What Is The Benefit Of Government Travel Charge Card?

What Are The Rules For The Government Travel Charge Card?


What Are the government’s business travel credit card. Before your “Wolf of Wall Street” fantasies about perks and points come true, discover how the GTCC program works, what’s required of you as a member, and how to use the card properly and legally.

This article talks about the Department of Defense’s GTCC program, the charge cards that are available, and how to get one.

Here are some ideas on how to use (and not use) your government credit card to avoid difficulties.

What is a Government Travel Charge Card?

A GTCC is a commercial credit card that the Department of Defense (DoD) gives to military and civilian employees for travel costs.

This includes PCS transfers and temporary duty assignments for military members so they don’t have to pay for work-related expenses.

Citibank issues GTCC credit cards. DoD programme coordinators at the Defense Travel Management Office (DTMO) troubleshoot for military members and federal employees.

DTMO sets GTCC policy while Citibank issues credit card statements. It’s the primary agency.

Obtaining a Government Travel Charge Card

Military members can’t use GTCC until it’s a work requirement. Those who want a GTCC must first take a training course online and then apply through Citibank.

Types of Government Travel Charge Cards

Government charge cards fall into two categories:

  • Individually Billed Accounts (IBAs)
  • Centrally Billed Accounts (CBAs)


Read: The Best American Airlines Credit Cards


Individually Billed Accounts (IBAs)

Individually billed accounts are issued for travel expenses. The military member pays for these cards.

Standard cards from the Department of Defense are available to people with a credit score of 660 or more. It’s $7,500.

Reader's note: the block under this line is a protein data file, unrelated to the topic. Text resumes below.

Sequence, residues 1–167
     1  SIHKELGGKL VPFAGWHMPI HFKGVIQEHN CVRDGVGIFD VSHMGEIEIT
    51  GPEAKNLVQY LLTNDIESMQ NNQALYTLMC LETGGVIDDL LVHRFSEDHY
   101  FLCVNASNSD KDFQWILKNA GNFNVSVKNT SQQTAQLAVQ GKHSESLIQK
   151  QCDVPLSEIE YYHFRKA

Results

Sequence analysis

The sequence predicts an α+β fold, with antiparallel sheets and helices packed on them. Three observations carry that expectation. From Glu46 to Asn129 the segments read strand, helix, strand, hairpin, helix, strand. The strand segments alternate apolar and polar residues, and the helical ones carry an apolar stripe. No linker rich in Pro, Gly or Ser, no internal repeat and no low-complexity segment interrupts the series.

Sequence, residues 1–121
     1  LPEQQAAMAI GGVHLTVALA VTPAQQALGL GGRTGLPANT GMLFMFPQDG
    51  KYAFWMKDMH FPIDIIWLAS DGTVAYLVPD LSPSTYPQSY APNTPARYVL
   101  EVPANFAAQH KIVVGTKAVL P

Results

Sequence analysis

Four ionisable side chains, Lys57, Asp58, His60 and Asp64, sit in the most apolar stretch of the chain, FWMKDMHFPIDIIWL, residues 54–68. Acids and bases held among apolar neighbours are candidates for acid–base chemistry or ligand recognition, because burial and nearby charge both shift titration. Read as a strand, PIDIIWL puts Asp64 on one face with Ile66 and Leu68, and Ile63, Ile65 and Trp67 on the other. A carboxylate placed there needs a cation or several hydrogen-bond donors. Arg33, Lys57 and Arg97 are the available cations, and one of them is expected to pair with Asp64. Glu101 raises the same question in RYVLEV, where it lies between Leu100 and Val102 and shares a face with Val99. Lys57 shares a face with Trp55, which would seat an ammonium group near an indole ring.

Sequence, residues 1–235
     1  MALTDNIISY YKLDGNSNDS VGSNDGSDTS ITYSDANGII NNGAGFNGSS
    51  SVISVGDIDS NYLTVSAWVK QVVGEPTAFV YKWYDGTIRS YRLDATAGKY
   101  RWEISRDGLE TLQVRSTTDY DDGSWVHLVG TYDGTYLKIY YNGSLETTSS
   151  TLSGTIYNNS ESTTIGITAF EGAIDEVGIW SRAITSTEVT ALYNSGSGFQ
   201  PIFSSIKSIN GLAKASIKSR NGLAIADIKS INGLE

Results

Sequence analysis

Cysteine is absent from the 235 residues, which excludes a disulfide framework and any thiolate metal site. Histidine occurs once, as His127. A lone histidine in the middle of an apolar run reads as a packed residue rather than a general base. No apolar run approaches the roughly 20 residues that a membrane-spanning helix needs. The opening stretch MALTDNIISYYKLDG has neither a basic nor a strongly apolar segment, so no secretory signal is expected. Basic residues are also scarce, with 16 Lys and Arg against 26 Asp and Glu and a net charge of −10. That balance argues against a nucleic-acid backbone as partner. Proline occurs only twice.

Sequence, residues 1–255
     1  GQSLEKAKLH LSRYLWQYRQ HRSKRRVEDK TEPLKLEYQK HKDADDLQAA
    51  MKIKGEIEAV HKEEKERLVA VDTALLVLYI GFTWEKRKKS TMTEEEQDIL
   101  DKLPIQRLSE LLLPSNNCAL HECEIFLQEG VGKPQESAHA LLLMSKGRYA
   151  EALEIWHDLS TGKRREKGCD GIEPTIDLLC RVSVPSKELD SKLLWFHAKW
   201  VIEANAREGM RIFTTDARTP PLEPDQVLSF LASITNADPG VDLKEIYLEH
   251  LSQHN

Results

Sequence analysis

The Restricted Card has a $4,000 credit limit and is available to people with bad credit (500-659). Government charge cards are monitored. When travel isn’t approved, they’re deactivated.

Centrally Billed Accounts (CBAs)

CBAs can be used for travel expenditures.

These are government-issued cards (so the cardholder has fewer personal responsibilities). They’re useless. Centrally billed accounts are government-liable, unlike individually billed accounts.

Uses of a Government Travel Card

Approved government travel charge cards’ uses include:

  • Lodging
  • Meals (not including alcohol)
  • rental car
  • fuel/gas
  • Transportation (airfare, train, etc.)

See page 14 of the GTCC Regulations (2020) and the recently revised Joint Travel Regulations for more on “official travel” (2021).

The Rules of a Government Travel Card

How to Responsibly Use Your Government Travel Card

Responsible government charge card use comprises three main activities:

  1. Use the card only for government travel;
  2. Accurate billing (typically with printed receipts);
  3. Payment on time

The government charge card should never be used personally. Only official travel is permitted. Commutes to work or family vacations aren’t “official travel.”

Cardholders have five days after a PCS or TDY to fill out a “travel claims” report in the Defense Travel System.

Include scanned receipts, amounts, dates, and descriptions. Foreign exchange fees must be paid.

Individually Billed Account cardholders must pay off the government travel card.

Details of the trip report In the Defense Travel System, cardholders are encouraged to use the “split-discourse” option to reimburse service members for out-of-pocket expenses and per-diem rates while paying off all government credit card charges in full.

Incorrect Uses of a Government Travel Card

The most prevalent ways military personnel misuse government travel cards are:

  • Using the card for unofficial/non-approved travel or personal use
  • Overspending
  • Using the split disbursement feature incorrectly
  • Failing to submit timely and/or accurate travel reports in DTS
  • Failing to pay the card balance on time
  • Including alcohol on receipts for DTS submission

If a card member misuses a GTCC 75 days after the due date, their account can be closed or suspended.

Serious crimes can lead to a court martial, an Article 15 hearing, or formal counseling. To stay safe, remember good GTCC etiquette:

  1. Only for government-approved travel;
  2. Submit a timely, correct DTS report using split reimbursement;
  3. Pay down the GTCC on time.



I am Dharmendra Jain, Owner of this website. In point of fact, the author, Dharmendra Jain, writes on Finance Niche, because he enjoys disseminating knowledge to people all over the globe. The author has expressed a desire to maintain communication with all of his or her devoted readers. And in order for me to be connected to the internet in the first place, it compelled me to do so.

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